# (j3.2006) is MOD (INT_MIN, -1) legal?

Robert Corbett Robert.Corbett
Mon Oct 27 23:12:14 EDT 2008

```Jim Xia wrote:
>
> j3-bounces at j3-fortran.org wrote on 10/27/2008 04:50:33 PM:
>
>  > >
>  > > This discussion originally came from C community on INT_MIN % (-1).
>  > > Say you have a minimum integer value, INT_MIN (e.g. -HUGE(1) - 1),
>  > > then is it a legal Fortran code to compute MOD(INT_MIN, -1)?
>  >
>  > Is INT_MIN the same as -huge( 0) ?
>  >
>  > Is mod() the same as % ?
>  > >
>  > >
>  > > Based on the text in 13.7.80 of F03, MOD(A,P) is interpreted as A -
>  > > INT ( A / P) * P.  This expression applied on MOD(INT_MIN, -1) will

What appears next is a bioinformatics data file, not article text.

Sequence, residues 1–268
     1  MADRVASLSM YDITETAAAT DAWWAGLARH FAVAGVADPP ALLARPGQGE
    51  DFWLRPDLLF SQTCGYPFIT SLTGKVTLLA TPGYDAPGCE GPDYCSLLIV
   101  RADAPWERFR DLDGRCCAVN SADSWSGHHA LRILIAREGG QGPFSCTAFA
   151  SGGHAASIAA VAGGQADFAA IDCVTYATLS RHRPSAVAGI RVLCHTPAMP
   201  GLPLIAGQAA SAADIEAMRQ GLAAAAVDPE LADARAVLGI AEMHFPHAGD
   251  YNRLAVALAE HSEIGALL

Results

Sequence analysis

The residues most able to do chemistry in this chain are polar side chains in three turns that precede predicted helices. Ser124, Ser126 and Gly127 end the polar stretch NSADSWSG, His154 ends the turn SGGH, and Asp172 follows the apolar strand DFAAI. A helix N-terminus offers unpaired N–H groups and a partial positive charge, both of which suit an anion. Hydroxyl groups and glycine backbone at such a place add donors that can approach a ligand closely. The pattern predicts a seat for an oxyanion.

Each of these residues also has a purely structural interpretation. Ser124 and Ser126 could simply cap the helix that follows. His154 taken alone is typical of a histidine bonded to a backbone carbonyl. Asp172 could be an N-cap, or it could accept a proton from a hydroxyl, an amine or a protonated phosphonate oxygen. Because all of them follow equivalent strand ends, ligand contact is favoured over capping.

>  > > result in a computation of INT_MIN / (-1), which overflows.
>  >
>  > Does is overflow as per the standard,
>  > or just in some implementations?
>
>
> OK, let me try to rephrase the question: in MOD(A,P) the standard says:
> "Result Value. The value of the result is A?INT (A/P) * P."
>
> The question is: does this mean that any restrictions apply to
> expression "A?INT (A/P) * P" also apply to intrinsic MOD()?

The Fortran 2003 standard is not as restrictive as you seem to think
it is.  The mathmatical equivalence rule (7.1.8.3) allows any
numeric expression to be replaced with a mathematically equivalent
expression.  A processor is allowed to substitute the expression
A - INT(A/P)*P for MOD(A, P).  It could also substitute

(A + HUGE(0)) - INT(A/P)*P - HUGE(0)

When the committee has responded to this class of question before,
it has called them quality-of-implementation (QoI) issues.  As such,
they are not covered by the standard.

Bob Corbett

```